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Linux Tutorial Series

Linux Tutorial Series – 58 – Regular expressions construction in Linux

Here is the video version, if you prefer it:

Regular expressions are symbolic notations used to identify patterns in text. (Shotts, 2019)⁠

The more complex explanation of what regular expressions are goes into theoretical computer science (more specifically, automata theory) and is way out of scope for this post (and I would have to review the stuff I learned in my Introduction to the theory of computation course). But, what I will say is just this – people have found some clever mathematical ways of describing patterns in text. In order to find out more about the development of the idea of regular expressions, have a look at the Wikipedia history entry here: (“Regular expression,” n.d.)⁠

So, regular expressions help you find patterns in text. That’s their usage.

The time has come to become acquainted with regular expressions. To repeat, regular expressions allow us to match patterns in text. (Shotts, 2019)⁠ It is important to note that regular expressions differ from shell globbing (wildcards), since shell globbing is related to the shell and regular expressions are used to match patterns in text on a much broader level (regular expressions are used in programming languages, for example, while wildcards are only used in the shell). More explanations can be found in (“Regular expressions VS Filename globbing,” n.d.)⁠ and (“Globbing and Regex: So Similar, So Different,” n.d.)⁠

Let’s first list the special characters in regular expressions, then show them applied to a couple of examples:

  • Any character is denoted by .
  • * denotes zero or more characters; a* means zero or more characters a (“Basic Regular Expressions: Kleene Star,” n.d.)⁠
  • Anchors are denoted by ^ and $; they denote beginning and the end of the string pattern we are matching, respectively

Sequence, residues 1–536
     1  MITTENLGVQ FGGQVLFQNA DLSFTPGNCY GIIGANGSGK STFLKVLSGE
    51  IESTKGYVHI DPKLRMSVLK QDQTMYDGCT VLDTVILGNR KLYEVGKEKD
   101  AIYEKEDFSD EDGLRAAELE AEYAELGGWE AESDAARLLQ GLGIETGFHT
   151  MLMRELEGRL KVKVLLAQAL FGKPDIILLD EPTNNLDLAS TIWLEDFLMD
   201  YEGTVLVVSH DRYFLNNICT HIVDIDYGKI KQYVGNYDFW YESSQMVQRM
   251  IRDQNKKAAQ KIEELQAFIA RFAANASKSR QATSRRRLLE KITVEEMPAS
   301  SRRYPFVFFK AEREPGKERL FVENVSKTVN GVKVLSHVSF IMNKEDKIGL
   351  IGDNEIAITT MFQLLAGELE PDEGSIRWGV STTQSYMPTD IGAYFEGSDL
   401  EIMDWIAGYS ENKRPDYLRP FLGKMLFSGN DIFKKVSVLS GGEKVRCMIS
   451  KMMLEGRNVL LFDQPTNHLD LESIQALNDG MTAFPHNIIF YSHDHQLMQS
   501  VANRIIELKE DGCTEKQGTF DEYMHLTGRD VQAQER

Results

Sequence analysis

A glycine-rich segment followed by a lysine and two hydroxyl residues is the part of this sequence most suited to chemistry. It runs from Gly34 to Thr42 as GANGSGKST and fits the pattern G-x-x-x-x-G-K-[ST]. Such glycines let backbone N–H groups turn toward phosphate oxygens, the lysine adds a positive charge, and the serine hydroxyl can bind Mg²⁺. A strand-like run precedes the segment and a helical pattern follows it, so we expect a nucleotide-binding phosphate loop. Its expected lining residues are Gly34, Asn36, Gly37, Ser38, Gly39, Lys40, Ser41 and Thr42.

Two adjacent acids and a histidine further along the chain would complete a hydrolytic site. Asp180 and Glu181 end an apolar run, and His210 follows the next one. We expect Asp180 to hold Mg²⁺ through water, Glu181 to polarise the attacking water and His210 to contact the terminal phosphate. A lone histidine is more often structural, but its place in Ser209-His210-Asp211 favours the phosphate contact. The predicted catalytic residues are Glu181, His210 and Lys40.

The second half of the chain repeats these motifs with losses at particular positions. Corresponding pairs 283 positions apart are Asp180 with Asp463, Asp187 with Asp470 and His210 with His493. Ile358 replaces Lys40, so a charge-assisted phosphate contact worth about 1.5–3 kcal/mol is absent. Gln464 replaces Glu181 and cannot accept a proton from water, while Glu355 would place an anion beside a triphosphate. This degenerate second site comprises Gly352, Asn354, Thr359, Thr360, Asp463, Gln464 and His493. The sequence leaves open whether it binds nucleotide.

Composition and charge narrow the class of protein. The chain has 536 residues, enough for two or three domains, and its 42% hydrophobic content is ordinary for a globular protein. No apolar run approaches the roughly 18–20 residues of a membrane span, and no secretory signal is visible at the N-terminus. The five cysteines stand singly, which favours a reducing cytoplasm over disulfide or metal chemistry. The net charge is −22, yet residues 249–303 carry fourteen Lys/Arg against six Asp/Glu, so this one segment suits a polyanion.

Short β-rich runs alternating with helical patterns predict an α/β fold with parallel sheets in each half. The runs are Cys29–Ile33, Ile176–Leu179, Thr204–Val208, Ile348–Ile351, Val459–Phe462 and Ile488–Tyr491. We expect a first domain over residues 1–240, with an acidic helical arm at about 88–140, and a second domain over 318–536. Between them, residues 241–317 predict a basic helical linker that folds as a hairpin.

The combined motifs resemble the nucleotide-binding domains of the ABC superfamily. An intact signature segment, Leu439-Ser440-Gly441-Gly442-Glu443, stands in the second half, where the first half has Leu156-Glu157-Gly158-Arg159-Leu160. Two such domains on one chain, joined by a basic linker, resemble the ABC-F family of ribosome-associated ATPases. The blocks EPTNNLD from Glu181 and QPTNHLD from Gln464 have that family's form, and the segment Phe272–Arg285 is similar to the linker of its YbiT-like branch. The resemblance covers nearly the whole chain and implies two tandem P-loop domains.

• Bracket expressions are denoted with [] – if ^ is the first character in the bracket expression, we treat it as a negation (meaning match everything except the thing in the bracket expression); if ^ is not the 1st character in the bracket expansion, it is matched literally
  • - denotes a range in a bracket expression; if it is the first character, it is matched literally, if not, then it denotes a range; you can have multiple ranges (as in [A-Za-z] if you wanted to capture all the letters)

Let’s look at a couple of examples. We will use grep, because grep’s name is actually globally search a regular expression and print (“grep,” n.d.)⁠. So grep was actually about regular expressions all along! If this was a mafia movie, grep would now get shot and thrown in the sea by the docks. Anyway, let’s get back to our examples:

mislav@mislavovo-racunalo:~/Linux_folder$ cat aba.txt

Abba Money

Money Money

It's the Money

In the Rich Man's World

mislav@mislavovo-racunalo:~/Linux_folder$ grep ‘a.*’ aba.txt

Abba Money

In the Rich Man's World

What I said here is match every line “that has the small letter a followed by any character zero or more times”. It did so.

Another example: